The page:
This 1935 ‘Naturalness to Mark Road Landscaping’ article quotes Lilac Way landscape architect Arthur Nichols and his plans for informal landscaping for the Belt Line west of Minneapolis.

Browse or search the story in easy-to-read, online-friendly text. Thanks to Kristi Gibson for sharing this article. Transcribed in June, 2021 by Restore Lilac Way with original punctuation and structure.

Minneapolis Journal  |  August 1, 1935

Naturalness to Mark Road Landscaping

As much emphasis as possible will be placed on naturalness and informality in the landscaping of the roadside on the new “Belt Line“ highway west of Minneapolis, according to A. R. Nichols, Minneapolis landscape architect who is consultant for the highway department.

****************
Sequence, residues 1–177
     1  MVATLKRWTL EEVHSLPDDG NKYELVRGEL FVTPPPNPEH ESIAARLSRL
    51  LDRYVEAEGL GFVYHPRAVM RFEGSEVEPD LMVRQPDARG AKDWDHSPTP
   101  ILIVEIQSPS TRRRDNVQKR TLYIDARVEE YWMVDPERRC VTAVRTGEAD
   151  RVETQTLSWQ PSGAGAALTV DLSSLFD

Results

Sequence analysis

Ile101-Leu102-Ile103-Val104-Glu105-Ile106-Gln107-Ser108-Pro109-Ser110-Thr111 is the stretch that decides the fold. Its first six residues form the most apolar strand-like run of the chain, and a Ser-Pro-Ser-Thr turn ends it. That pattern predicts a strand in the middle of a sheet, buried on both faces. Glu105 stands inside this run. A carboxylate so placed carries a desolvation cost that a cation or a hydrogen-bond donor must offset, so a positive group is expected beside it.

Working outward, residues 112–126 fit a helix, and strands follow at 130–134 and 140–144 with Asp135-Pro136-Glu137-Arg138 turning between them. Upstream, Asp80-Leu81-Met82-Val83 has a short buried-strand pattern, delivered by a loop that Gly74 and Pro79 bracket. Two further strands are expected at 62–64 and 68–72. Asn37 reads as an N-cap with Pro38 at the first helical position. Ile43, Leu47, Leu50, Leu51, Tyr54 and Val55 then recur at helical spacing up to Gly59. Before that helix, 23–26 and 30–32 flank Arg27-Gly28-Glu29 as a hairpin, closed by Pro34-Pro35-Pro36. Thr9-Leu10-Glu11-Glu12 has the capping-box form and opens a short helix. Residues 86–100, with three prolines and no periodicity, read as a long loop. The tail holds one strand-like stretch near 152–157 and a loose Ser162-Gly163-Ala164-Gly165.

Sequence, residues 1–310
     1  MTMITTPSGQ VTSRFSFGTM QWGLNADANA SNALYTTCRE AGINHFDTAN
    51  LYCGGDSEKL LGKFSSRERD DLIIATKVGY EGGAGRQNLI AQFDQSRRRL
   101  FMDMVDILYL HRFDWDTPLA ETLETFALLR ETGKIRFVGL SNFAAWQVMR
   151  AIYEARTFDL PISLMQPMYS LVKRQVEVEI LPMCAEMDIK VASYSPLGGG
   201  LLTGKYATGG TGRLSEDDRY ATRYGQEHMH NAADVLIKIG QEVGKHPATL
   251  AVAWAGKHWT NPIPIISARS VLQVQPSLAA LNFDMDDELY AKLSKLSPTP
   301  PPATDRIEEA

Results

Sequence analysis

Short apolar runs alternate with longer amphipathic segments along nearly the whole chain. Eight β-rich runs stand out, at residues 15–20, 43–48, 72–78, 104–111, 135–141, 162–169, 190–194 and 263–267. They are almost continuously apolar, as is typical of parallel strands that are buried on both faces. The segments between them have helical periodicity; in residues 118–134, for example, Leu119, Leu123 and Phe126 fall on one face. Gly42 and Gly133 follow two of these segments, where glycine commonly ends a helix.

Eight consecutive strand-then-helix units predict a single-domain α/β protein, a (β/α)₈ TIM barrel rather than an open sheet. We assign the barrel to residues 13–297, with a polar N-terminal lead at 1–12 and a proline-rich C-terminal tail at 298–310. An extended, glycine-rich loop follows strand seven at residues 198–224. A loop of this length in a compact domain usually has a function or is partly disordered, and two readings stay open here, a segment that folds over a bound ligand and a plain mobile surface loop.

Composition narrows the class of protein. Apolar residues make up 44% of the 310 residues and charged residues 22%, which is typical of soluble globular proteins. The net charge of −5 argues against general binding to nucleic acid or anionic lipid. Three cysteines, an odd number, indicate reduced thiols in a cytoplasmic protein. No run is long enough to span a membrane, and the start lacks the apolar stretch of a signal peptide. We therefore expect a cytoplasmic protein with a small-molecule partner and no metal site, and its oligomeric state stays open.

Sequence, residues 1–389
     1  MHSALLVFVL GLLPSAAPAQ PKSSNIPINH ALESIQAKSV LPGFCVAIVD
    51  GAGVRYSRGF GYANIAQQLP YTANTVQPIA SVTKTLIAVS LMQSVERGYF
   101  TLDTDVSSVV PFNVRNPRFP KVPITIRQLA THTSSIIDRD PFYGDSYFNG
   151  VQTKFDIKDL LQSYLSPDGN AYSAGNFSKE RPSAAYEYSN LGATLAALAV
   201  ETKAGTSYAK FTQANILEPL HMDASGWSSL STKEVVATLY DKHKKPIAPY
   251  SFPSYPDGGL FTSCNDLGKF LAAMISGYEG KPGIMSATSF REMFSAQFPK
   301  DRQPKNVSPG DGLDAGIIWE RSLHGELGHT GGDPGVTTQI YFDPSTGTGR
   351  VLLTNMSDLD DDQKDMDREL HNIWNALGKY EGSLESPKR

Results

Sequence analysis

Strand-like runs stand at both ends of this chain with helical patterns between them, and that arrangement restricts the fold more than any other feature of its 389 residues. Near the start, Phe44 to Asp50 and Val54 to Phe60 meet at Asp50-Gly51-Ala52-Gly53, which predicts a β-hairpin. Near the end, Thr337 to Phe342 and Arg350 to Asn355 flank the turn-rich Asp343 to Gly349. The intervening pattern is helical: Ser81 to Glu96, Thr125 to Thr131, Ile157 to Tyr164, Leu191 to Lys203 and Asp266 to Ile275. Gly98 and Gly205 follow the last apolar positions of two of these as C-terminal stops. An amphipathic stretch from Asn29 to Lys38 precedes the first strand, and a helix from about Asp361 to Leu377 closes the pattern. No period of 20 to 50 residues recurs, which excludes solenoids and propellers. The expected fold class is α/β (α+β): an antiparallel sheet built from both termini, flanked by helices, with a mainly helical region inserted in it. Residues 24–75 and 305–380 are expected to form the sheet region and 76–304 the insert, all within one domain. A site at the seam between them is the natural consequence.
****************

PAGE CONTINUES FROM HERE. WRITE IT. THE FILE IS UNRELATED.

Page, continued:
“We are very anxious,“ Mr. Nichols said, “to preserve all of the natural growth and to make any additions in the way of plantings fit in perfectly with the surrounding growth over which we do not have control.“

Mr. Nichols pointed out that he is merely a consultant for the department, the actual work of roadside development being carried out under the direction of Harold E. Olson, highway department engineer.

Mapping out of a plan for landscaping has not been started because of the impossibility of working on landscape construction until work and the 60-foot roadway is completed. “We haven’t even studied it a great deal yet,“ Mr. Nichols said, “but we are going right ahead now to get everything lined up so work can be done this fall if progress on the roadway permits“

Mr. Nichols said lilacs have been excepted as a keynote in the development of the landscape plan, but not to the elimination of large natural shade trees.